Psychotherapy, Religion, and Brain Effects of Trauma - Part II
In the first part of this post, we established three fundamental things:
- You are healed from PTSD if you no longer meet the criteria for the diagnosis.
- Psychology, as a science, proposes hypotheses which can be tested in the natural world.
- Religion also proposes hypotheses, but fundamentally about the supernatural world, where hypotheses cannot be tested.
Let’s add one more fundamental idea: religious traditions can, and do, propose many things about the natural world. Some of their most notable propositions are ethical in nature, and in this context one finds the idea that forgiveness is a good thing.
Forgiveness as a value has a long and honored tradition in the Abrahamic religions (Judaism, Islam, and Christianity). If we consider that religion, like all traditional culture, functions in part as a kind of “memory” for a people – identifying and preserving important ideas, understandings, and directives, then a reasonable case can be made that we should seriously consider the idea of forgiveness.
But Does Forgiveness Matter in Healing PTSD?
In considering this, I suggested caution in my previous post. The problem is that religion and science have different ways of achieving trust in an idea – different ways of “knowing.” Religious tradition honors tradition and authority. That isn't necessarily bad. It’s just not the same as way of knowing employed in science, which employs formal empirical validation. When translating an idea from one way of thinking to another, we need to be conscious of this shift in perspective. Mixing up ways of knowing can lead to confused thought and poor outcomes, should that thought be acted upon.
Advocating the goodness of something is not the same as acting to bring it about. Advocacy is a verbal activity. Does it get results? If so, is this a cost-effective way of getting those results, or is there a better way? Religion, as a social institution just doesn't take up these questions, and has no validated way of answering them. They are empirical questions and for such things we must turn to science.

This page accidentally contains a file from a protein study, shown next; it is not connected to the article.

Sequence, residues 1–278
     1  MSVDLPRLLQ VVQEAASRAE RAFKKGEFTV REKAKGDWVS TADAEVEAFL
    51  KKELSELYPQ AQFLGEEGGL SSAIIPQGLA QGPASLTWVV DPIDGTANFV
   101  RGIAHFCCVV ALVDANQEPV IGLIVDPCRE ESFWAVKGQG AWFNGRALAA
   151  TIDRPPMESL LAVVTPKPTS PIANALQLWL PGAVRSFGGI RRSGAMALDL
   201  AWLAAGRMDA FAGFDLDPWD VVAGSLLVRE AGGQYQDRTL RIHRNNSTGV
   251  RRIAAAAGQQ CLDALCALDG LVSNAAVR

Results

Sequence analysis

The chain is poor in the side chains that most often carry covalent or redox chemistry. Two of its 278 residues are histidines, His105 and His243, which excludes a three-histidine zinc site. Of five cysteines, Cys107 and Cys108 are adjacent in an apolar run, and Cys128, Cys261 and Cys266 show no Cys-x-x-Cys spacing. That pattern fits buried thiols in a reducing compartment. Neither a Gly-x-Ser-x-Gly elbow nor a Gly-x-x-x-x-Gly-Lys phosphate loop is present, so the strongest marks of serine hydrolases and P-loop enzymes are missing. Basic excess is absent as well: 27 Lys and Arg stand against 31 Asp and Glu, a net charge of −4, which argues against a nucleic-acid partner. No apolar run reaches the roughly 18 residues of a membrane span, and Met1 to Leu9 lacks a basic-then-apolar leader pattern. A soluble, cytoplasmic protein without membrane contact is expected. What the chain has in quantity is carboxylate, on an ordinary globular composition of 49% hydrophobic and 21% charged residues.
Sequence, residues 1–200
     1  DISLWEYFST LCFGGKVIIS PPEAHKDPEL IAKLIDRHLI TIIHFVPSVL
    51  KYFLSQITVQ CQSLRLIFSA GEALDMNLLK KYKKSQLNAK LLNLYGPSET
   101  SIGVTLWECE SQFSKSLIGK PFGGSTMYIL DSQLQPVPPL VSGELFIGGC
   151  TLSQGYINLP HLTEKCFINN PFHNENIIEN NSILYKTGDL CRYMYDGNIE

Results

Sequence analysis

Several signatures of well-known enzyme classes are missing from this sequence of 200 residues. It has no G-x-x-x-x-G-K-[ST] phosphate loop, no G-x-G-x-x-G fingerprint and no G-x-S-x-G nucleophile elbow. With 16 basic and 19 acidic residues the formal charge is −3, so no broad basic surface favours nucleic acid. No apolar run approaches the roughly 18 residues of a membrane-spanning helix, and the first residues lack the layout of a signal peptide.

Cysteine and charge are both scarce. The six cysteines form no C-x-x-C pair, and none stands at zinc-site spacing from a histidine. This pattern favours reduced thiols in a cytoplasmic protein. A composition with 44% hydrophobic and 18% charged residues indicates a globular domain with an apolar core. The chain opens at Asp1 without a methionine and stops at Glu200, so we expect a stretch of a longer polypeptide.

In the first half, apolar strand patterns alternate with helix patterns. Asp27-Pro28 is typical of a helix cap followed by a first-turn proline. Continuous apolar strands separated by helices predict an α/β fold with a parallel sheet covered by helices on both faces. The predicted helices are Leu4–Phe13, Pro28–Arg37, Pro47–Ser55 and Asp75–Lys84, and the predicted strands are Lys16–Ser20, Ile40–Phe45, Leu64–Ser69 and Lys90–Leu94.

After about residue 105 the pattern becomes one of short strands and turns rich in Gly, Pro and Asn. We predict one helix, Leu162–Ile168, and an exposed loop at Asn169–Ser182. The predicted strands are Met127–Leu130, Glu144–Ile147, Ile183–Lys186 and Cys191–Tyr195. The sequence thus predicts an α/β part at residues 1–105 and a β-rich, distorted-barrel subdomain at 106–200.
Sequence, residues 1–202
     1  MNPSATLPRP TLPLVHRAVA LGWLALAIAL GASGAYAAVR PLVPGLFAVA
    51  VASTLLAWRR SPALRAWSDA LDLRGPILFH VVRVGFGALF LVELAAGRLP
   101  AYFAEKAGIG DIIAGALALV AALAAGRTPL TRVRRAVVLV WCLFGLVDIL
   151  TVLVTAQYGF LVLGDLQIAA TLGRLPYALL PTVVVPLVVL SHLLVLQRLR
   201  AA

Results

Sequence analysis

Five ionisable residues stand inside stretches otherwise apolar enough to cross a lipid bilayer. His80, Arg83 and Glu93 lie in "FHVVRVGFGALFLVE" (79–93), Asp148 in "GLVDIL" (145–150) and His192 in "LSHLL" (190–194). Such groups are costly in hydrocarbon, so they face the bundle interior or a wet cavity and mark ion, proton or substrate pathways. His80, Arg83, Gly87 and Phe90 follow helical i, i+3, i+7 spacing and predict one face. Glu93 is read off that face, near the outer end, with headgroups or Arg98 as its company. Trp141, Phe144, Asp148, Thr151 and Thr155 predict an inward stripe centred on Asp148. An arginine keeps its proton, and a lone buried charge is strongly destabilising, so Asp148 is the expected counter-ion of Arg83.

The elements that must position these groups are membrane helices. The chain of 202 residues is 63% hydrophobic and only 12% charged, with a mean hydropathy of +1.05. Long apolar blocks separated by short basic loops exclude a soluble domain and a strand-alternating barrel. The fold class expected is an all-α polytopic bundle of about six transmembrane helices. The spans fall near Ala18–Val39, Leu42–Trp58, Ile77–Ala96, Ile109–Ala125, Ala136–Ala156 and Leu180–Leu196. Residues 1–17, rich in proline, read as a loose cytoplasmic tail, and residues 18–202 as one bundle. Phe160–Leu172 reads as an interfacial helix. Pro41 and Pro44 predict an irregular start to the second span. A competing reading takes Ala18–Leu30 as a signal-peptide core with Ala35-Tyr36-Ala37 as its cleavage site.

Forgiveness as an Individual and Social Value can Be Evaluated
It’s helpful to make a strong distinction between the source of an idea and its subject. Forgiveness, as a human act, derives from traditional religious thought, but its subject (relative to human action) is inherently on the natural world. It can therefore be observed, measured, analyzed – IF we can give it a good definition, one that offers us aspects we can measure. Thinking of forgiveness in this, admittedly, unusual way makes it possible to consider its importance to healing in posttraumatic stress disorder (PTSD).
We should note that forgiveness has been valued in secular contexts, also. Psychologist Seligman (2004, p. 1380), notable for his contributions to positive psychology (the psychology of happiness), has identified both forgiveness and gratitude as a path to increasing good feelings about one’s past.
Forgiveness and “Unforgiveness” as Seen in Psychology
A small group of academic research psychologists have taken up the benefits of forgiveness as a topic for their research, but only recently. In 2000, it was noted that there existed "no evidence . . . linking forgiveness to physiology, health, or disease (Thoresen, Harris, & Luskin, 2000). That year, “unforgiveness,” the problem to which forgiveness is the remedy, was defined as a group of complex and simple emotions and feelings “resentment, bitterness, hostility, hatred, anger, and fear” directed toward a source of injury (Worthington, Sandage, & Berry, 2000, in Harris & Thoresen, 2005, p. 321). Following the analysis of Nathanson (1994), I will focus on the last two affects (feelings) - fear and anger, rather than the more complex and derivative emotions preceding them in that list.
I want to emphasis, at this point, that I have learned in my clinical work with PTSD that anger never occurs without fear preceding it, and that fear is a spontaneous product of the perception of a threat. This causal chain model has great practical application: remove the threat-experience in the mind, and there is no cause for fear, and thus no anger. This has profound implications, given the central nature of fear in unforgiveness.
Injury, Fear, and Anger and Forgiveness
We now have a connection between injury, the fear and anger it produces in all animals, and forgiveness as a conceptual remedy. Injury changes the brain, and forgiveness is to be conceived of as changing it back. Why does this matter? At the least, a chronic anger state is uncomfortable. Beyond that, a certain percentage of people act out their anger, and seldom with constructive result. It seems likely that forgiveness, and specifically “letting go of the anger,” has been proposed as a solution to the dangerous potentials (to the individual and to others) associated with anger that persists.